Where do you want to fly?
There’s a lot happening at Zeppelin, Shaw’s haven for Japanophiles and karaoke fans opening Monday, March 4. The two-story dinner, drinking, and nightlife venue, located in the former Shaw Bijou space, is the kind of place you could come for a few Sapporos and yakitori skewers or a $150 omakase menu—and wind up belting out David Bowie tunes in the wee hours either way.
“These days it’s not enough to just open a cocktail bar. You have to set a stage,” says co-owner Micah Wilder. Wilder and his brother Ari Wilder have teamed up with their business partner in nearby Chaplin’s, Adrian Williams, as well as veteran Japanese chef Minoru Ogawa of Sushi Ogawa for the new venture. Micah first met Williams and Ogawa working at Dupont’s storied sushi/karaoke dive, Cafe Japone, over a decade ago.
Here’s what you can expect:
The first floor cocktail bar and its Suntory Highball Machine.
First floor bar: Suntory Highball Machine cocktails and yakitori ice
Zeppelin, a nod to the 20th-century German airship, was originally destined to launch on the rooftop of Chaplin’s before permitting issues (hence the name). Location aside, the cozy 20-seat cocktail bar near the entrance is designed by New York’s Reid & Taylor Studio with the “golden age of air travel” in mind to give the feel of an “airship cocktail party,” says Micah Wilder.
A simple sushi and Japanese street food menu is available everywhere except the omakase counter (more on that in a minute). Let’s focus on drinks here—mainly drinks from a Suntory Highball Machine. The contraption is designed to perfectly chill and carbonate Suntory Toki whiskey-sodas to order with the kind of delicate, fizzy bubbles associated with Veuve. (If you’re not a brown liquor fan the “baller bubbles,” as they’re called on the menu, appear in a variety of highballs.)
Dining nooks in the cocktail bar where the full sushi and Japanese street food menu is offered.
The team sourced a variety of Japanese spirits, including a rail vodka made with Japanese rice and a gin distilled with yuzu. We have our eye on “Chesterfield” cocktail with whisky and pineapple-infused anise liqueur. The drink is chilled with smoked “yakitori ice” (made by smoking water alongside the yakitori) and then garnished with a meaty skewer.
The outdoor patio will have 65 seats and a window to the bar in warm weather.
Outdoor patio: Sapporo in the sunshine
When the weather warms and the patio’s cherry blossom tree blooms, there’ll be 65 outdoor seats for the taking. Guests can order drinks from a flip-up window to the bar. The beer list is made up of Japanese labels (big and small, such as Kizakura ales from Kyoto) as well as Japanese-inspired drafts and bottles, including a salty and sour plum cider the team commissioned from Maryland’s Distillery Lane Ciderworks. The sake list runs around 80-deep and spans the spectrum from an approachable $35 bottle of aptly named Sugei “Drunken Whale” Tokubetsu Junmai to an elegant and perfumed $362 Kikusui Kuramitsu.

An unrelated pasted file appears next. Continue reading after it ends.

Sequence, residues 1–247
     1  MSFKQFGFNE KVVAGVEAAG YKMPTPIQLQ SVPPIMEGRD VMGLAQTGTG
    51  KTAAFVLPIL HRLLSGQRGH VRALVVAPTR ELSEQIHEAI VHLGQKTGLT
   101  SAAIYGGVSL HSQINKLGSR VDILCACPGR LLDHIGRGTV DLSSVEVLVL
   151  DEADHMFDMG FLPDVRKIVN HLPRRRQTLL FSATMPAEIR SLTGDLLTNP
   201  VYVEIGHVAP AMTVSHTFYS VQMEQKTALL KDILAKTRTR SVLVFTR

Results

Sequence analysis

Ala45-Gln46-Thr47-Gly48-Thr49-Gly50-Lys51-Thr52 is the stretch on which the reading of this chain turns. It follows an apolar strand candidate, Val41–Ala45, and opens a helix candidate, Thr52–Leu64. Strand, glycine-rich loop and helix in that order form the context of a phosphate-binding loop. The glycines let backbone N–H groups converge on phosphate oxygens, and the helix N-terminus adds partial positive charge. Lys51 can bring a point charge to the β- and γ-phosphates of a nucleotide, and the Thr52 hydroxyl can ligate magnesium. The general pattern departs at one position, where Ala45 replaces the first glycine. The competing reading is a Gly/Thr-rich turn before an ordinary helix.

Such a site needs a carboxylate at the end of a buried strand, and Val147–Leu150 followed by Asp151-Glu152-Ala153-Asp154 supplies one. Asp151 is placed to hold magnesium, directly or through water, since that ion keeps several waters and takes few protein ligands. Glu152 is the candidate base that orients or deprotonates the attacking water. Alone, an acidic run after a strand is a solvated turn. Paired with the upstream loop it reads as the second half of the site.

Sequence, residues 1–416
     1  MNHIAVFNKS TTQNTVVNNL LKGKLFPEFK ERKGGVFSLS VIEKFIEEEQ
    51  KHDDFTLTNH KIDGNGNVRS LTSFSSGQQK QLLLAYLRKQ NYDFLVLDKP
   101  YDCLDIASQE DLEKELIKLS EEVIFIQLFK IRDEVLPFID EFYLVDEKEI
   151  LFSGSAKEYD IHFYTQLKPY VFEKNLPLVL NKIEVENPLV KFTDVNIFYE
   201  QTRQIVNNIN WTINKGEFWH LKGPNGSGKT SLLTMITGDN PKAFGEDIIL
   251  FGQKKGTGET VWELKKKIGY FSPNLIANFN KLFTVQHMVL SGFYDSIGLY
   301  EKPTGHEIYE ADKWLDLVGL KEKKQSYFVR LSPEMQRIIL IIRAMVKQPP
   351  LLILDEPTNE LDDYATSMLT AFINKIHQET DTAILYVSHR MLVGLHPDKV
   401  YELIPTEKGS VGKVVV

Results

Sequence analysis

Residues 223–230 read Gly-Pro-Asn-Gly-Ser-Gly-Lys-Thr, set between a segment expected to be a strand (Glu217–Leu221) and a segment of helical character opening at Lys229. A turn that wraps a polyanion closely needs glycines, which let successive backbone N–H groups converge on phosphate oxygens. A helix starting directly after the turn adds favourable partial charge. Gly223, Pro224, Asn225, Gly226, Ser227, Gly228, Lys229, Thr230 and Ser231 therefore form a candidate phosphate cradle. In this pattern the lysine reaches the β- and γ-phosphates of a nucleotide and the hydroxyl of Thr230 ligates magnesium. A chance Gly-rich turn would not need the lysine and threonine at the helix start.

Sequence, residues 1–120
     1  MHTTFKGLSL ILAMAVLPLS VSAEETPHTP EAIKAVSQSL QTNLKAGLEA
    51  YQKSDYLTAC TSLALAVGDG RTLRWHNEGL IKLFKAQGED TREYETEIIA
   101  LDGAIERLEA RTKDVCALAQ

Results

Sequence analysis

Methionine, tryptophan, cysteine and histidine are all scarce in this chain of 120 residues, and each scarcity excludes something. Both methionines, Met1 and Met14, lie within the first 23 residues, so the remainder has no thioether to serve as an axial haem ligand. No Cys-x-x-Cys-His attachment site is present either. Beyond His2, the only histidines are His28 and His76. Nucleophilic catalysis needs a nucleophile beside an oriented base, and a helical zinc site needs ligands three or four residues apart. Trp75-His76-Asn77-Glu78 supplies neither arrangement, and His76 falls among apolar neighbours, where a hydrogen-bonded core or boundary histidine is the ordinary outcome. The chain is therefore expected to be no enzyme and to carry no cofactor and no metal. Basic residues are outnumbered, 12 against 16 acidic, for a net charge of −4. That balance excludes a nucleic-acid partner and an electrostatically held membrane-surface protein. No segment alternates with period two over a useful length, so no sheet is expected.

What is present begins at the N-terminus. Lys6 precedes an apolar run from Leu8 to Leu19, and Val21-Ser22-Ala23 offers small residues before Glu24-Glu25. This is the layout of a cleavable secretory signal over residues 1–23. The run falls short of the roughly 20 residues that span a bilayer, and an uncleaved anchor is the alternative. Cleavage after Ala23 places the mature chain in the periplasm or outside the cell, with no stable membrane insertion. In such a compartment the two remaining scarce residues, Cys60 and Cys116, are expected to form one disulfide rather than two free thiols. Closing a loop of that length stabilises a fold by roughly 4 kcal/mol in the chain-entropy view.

The second floor dining room transforms into a communal karaoke room in the late evening.
Second-floor dining room: Yakitori, sushi, and communal karaoke
Climb Zeppelin’s stairway (without getting “Stairway to Heaven” stuck in your head) for the 65-seat dining room. Here you’ll find an izakaya-style menu filled with skewers, tempura, donburi rice bowls, shumai dumplings, takoyaki (octopus balls), and other drink-friendly fare. The 21-odd yakitori items are cooked on a Japanese binchō-tan charcoal grill and include crowd-pleasers like chicken with scallions alongside gizzards and beef tongue.
Ogawa, a Tokyo native and revered second-generation sushi chef, isn’t straying from his traditional edomae style for the dining room sushi and sashimi menu (so no spicy crunchy Philadelphia rolls here). His fish is often imported from Japan and presented in a minimalistic fashion over slightly warm, seasoned sushi rice and perhaps a brush of homemade nikiri (sweet soy sauce) or dab of minced ginger and scallions.
Over 20 yakitori skewers fill the menu (pictured: charcoal-grilled chicken hearts). The dining room sushi menu includes simple sets of sushi, sashimi, and rolls.
Karaoke begins around 10:30ish in the dining room. This isn’t exactly the place for shy singers—two big flat-screen TVs play videos, while cordless microphones are brought to patrons’ tables to belt out tunes to the crowd. (There’s a $10 food/drink minimum per singer.) Songbooks include over 30,000 titles in English and Japanese.
Fish is flown in regularly from Japan. The 12-seat omakase counter hosts two seatings per evening.
Omakase: three omakase menus (and an extra splurge)
Ogawa is currently sharing time between his namesake restaurant near Dupont Circle and a new eight-seat mini omakase counter at the Mandarin Oriental hotel. (He spent nearly two decades running the sushi programs for the luxe hotel chain on the East Coast prior to becoming a restaurateur.)
Zeppelin will become Ogawa’s new home base for now. He’ll prepare three omakase menus at the 12-seat counter: a $65 option with 15 pieces of nigiri; an $80 menu with the addition of appetizers, clam miso soup, and dessert; and a $100 splurge that tacks on all of the above plus a hand roll and sashimi. Each option includes seasonal fish and house dry-aged tuna. Eventually, the team plans to add a $200 option with specialty beverage pairings including high-end sakes, cocktails, and a small bottle of Johnnie Walker Blue, Japan’s most popular whisky, as a parting gift. It’s exactly the liquid courage you’ll need for post-omakase karaoke.
Zeppelin. 1544 Ninth St., NW; 202-506-1769. Open Sunday through Thursday, 5 PM to 1:45 AM; Friday and Saturday, 2:45 AM.
Zeppelin partners (left to right): Ari Wilder, Minoru Ogawa, Adrian Williams, Micah Wilder.